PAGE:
The ideal conversation, of course, prompts children to both think and respond:
Teacher: Why did you decide to put the triangle-shaped block on top?
Child: So it can be the roof.
Teacher: What might happen if you didn’t have a block on top?
Child: Then the rain might come in.
Teacher: How else could you keep the rain out?
Child: With an umbrella.
Teacher: How would that work?
Unfortunately, I notice when I’m with children that while I tend to ask a lot of questions, they’re not always open-ended. I really have to work to broaden my repertoire of questions and be quite intentional about asking questions that encourage children to come up with their own ideas and put those ideas into words (and not just answer yes/no or with a “correct” response such as “yellow” or “pig”).
So, how can we remember to ask these kinds of broad, thought-provoking questions?
Many thanks to MMCI instructors Kathy McKechnie and Nancy Walsh for sharing their wonderful ideas! Any errors or misinterpretations in them are my own (not theirs), as I modified them to fit the format.
For more teacher tips, you can read my previous blog post Teacher Tips: Engaging Children in Conversations.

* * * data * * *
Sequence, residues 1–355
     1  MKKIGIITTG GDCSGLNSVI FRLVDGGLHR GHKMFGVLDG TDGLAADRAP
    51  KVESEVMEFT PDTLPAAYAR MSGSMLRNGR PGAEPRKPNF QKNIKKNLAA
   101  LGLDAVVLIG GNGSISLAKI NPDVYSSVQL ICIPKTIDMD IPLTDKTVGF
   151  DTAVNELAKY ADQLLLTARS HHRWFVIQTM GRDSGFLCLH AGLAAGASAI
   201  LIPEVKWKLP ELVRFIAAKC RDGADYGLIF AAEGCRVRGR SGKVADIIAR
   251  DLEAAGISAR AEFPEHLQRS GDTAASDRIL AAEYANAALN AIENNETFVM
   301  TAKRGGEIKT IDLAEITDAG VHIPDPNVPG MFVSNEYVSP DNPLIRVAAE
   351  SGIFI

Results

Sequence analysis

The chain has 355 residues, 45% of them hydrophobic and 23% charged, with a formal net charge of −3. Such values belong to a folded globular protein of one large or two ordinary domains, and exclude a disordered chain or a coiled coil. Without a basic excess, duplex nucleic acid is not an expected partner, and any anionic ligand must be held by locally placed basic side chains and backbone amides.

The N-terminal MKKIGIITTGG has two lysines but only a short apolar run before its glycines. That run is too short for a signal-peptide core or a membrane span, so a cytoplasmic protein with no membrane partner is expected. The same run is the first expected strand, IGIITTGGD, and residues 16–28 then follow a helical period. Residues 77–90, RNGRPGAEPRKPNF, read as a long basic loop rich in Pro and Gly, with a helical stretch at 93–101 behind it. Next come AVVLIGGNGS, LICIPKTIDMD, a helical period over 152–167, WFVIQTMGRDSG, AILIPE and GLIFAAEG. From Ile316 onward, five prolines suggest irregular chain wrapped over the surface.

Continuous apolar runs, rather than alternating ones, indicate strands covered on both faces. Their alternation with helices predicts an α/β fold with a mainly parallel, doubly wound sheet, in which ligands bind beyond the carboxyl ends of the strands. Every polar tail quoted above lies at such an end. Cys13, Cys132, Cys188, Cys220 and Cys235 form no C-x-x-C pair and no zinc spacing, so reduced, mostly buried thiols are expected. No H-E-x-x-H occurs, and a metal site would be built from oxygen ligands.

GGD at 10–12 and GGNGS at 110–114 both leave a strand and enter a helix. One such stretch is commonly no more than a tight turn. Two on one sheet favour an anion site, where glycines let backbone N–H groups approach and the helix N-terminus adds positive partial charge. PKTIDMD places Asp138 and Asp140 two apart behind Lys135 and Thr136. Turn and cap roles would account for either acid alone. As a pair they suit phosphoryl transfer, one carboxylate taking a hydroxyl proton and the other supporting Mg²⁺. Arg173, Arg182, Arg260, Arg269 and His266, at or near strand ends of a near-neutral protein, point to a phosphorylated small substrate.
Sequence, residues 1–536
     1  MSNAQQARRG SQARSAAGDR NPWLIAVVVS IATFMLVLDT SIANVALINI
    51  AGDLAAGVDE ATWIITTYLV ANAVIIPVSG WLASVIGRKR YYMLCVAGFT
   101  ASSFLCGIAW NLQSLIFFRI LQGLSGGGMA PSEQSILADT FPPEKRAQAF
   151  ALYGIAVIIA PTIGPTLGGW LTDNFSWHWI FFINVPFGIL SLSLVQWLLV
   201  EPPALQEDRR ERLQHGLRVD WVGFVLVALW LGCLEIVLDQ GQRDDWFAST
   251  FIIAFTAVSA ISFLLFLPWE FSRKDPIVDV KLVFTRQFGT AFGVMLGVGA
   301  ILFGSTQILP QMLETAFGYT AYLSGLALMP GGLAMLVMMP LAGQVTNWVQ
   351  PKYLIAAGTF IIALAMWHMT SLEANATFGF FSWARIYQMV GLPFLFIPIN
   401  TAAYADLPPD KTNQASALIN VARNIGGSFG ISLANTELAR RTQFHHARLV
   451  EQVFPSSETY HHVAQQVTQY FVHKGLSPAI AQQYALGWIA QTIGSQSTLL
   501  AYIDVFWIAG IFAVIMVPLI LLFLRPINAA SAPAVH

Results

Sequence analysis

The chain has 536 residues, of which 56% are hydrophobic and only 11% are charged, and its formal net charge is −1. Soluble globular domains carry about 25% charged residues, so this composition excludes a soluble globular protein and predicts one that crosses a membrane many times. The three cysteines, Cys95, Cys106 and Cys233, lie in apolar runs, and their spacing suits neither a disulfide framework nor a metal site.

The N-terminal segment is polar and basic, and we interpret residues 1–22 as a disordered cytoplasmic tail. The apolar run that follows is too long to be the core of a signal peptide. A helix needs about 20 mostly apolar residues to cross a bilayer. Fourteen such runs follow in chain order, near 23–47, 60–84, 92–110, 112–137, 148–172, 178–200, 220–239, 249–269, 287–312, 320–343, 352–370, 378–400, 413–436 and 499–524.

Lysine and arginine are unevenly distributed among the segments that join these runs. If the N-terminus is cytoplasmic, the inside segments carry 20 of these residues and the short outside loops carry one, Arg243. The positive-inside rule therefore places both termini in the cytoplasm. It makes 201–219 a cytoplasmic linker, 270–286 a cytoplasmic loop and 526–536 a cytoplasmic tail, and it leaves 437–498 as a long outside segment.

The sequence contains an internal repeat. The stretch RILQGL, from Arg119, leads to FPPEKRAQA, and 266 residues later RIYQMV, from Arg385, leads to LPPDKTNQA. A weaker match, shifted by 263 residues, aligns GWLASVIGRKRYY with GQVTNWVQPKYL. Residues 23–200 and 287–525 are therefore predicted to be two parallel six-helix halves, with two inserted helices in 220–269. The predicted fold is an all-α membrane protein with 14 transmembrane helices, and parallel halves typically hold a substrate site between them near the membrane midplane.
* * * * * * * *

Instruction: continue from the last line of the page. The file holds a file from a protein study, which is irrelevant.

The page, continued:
You’ve heard it said, “You never get a second chance to make a first impression.” I would propose this addition: “Except in teaching!” Of course, we know the first moments of the first day of school are critical to establishing a tone for the year ahead, and we put a lot of energy into those first moments. It’s always fun to prepare our classrooms for the new school year because we are full of renewed hopes and dreams.
Over the last few weeks, I’ve interacted with teachers, coaches, and administrators as the “new” year begins for the adults and children in their care. What I am hearing has a common theme—frustration, disappointment, hope. What is going on? Well, maybe we can use the CLASS to think this through.
So, it’s June and you have just wrapped up the year with your students. They have made tremendous progress over the course of the year. The routine of the day flows naturally, the expectations about what is and isn’t appropriate behavior is fairly clear to all of them (and to you), and you leave the school year feeling confident that they are ready for the new challenges that lie ahead. You go into the summer months looking forward to a much needed break, but also looking forward to your new group of students in the fall.